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Biden administration moves to ease student loan debt burden

Hill Democrats continue to press for more loan forgiveness

Education Secretary Miguel Cardona is announcing student loan changes.
Education Secretary Miguel Cardona is announcing student loan changes. (Susan Walsh/AP/Pool file photo)

The Biden administration is taking further steps to ease the burden of student loans, but new actions announced Tuesday were well short of what many Democrats want to see.

The Education Department is estimating that the action will provide “immediate debt cancellation for at least 40,000 borrowers” who work in public service careers and have taken part in a program that is supposed to forgive loans after 120 qualifying monthly payments.

The changes “will begin to remedy years of administrative failures that effectively denied the promise of loan forgiveness” to borrowers, Education Secretary Miguel Cardona said in a statement.

“These actions once again demonstrate the Biden-Harris administration’s commitment to delivering meaningful debt relief and ensuring federal student loan programs are administered fairly and effectively,” Cardona said.

The announcements include changes to the implementation of the income-driven repayment option, known as IDR. The Education Department plans to make a one-time adjustment to count months of long-term forbearance toward qualifying months for the purposes of repayment under both the public service program and income-driven repayment.

Borrowers may get forbearance, or a temporary suspension in payments, from their loan servicer for reasons such as medical expenses, a change in employment or financial difficulties.

The income-based programs deem accounts forgiven after 20 or 25 years of repayment, depending on the circumstances, even if there’s a balance due. By counting months in long-term forbearance (more than 12 consecutive months or 36 months overall) the Biden administration says it is part of a broader effort to use existing regulatory authorities to correct past administrative concerns.

“Fifteen months ago, the Public Service Loan Forgiveness Program denied the vast majority of applicants for having the wrong type of loan, the wrong repayment plan or many other technical or obscure reasons, we had only forgiven about 8,000 loans in the history of the program. We’ve now forgiven more than 110,000,” Undersecretary of Education James Kvaal told reporters. “Fifteen months ago, borrowers with total and permanent disabilities were eligible for loan forgiveness, but most did not receive it. We’ve now canceled more than 350,000 of these loans.”

Senate Health Education, Labor and Pensions Chair Patty Murray, D-Wash., praised Tuesday’s actions.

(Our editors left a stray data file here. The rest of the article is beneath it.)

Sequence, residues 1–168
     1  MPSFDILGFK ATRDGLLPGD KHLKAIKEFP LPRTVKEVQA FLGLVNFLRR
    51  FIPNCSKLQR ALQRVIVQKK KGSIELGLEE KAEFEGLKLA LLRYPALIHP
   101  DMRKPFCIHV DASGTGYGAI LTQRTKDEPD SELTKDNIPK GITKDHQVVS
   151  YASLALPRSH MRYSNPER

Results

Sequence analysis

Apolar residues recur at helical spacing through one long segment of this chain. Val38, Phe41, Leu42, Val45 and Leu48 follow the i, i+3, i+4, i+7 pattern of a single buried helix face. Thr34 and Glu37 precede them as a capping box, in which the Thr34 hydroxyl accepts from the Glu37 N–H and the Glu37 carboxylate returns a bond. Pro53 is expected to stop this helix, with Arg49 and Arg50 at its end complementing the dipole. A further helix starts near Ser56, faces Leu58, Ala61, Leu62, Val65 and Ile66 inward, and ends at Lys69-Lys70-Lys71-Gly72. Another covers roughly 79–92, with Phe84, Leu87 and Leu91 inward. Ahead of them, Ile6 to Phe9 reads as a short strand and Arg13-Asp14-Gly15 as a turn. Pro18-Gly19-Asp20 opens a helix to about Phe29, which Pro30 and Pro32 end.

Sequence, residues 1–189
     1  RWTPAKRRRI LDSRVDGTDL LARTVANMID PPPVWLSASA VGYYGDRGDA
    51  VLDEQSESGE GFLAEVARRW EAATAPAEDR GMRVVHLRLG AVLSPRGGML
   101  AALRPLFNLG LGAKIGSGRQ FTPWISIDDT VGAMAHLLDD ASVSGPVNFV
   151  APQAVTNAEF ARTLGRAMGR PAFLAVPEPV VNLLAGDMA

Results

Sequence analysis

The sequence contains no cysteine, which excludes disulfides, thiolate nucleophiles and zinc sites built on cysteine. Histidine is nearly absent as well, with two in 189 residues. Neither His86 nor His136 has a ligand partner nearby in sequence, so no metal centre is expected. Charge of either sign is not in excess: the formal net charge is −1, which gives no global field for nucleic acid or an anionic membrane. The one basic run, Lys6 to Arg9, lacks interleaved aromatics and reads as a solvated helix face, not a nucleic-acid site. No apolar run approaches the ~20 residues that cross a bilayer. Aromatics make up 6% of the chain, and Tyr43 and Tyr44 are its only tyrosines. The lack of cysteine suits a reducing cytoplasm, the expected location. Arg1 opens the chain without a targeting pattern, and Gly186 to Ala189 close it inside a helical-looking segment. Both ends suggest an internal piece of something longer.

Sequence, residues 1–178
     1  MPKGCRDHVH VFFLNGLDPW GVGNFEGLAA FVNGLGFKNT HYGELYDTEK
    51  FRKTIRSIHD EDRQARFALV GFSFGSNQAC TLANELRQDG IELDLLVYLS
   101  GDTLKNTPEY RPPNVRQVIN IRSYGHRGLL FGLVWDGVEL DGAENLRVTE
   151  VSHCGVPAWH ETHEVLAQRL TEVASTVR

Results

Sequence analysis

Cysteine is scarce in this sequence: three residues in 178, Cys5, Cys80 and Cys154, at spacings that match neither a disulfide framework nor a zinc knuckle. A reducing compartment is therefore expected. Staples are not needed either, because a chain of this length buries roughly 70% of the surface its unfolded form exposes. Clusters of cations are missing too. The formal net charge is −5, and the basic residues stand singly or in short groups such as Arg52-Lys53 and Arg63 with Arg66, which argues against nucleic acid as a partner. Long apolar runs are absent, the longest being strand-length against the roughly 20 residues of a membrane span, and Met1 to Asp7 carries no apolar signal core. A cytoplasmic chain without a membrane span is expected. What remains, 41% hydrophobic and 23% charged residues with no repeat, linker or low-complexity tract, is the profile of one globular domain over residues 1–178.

“I pushed hard for the Administration to address the harm these failures have caused, and I’m relieved that today they heeded my call to finally accurately count payments borrowers have made over decades — which will provide immediate debt relief for thousands and bring millions more closer to relief — and crack down on servicers wrongly steering borrowers towards forbearance instead of putting them on a path to relief,” Murray said in a statement. “This is going to make a huge difference in the lives of so many borrowers in Washington state and across the country, and it’s an urgently-needed step in the right direction.”

A Democratic coalition on Capitol Hill has continued to push the White House to cancel student loan debt more broadly, and for the administration to go beyond the repeated pauses in repayments implemented in response to the COVID-19 pandemic.

“While the extension is welcome, a looming restart of student loan payments in September underscores the importance of swift executive action on meaningful student debt cancellation. We continue to implore the President to use his clear legal authority to cancel student debt, which will help narrow the racial wealth gap, boost our economic recovery, and demonstrate that this government is fighting for the people,” Senate Majority Leader Charles E. Schumer of New York, Sen. Elizabeth Warren, D-Mass., Rep. Ayanna S. Pressley, D-Mass., and a larger group of House and Senate Democrats said in an April 6 statement.

When asked about the prospects for student debt cancellation, White House Press Secretary Jen Psaki has generally pointed to an ongoing legal review and stressed that President Joe Biden would sign a bill cancelling $10,000 in student loan debt if such a measure were to reach his desk. Psaki has also said that further executive action remains a possibility.

“We are working really, really hard … where there’s clear authority for us to help borrowers,” Kvaal said when asked Tuesday about possibly going much further. “Every day, we’re engaged in conversations about how to make these programs work better, and how to get the borrowers the relief that they’re entitled to.”

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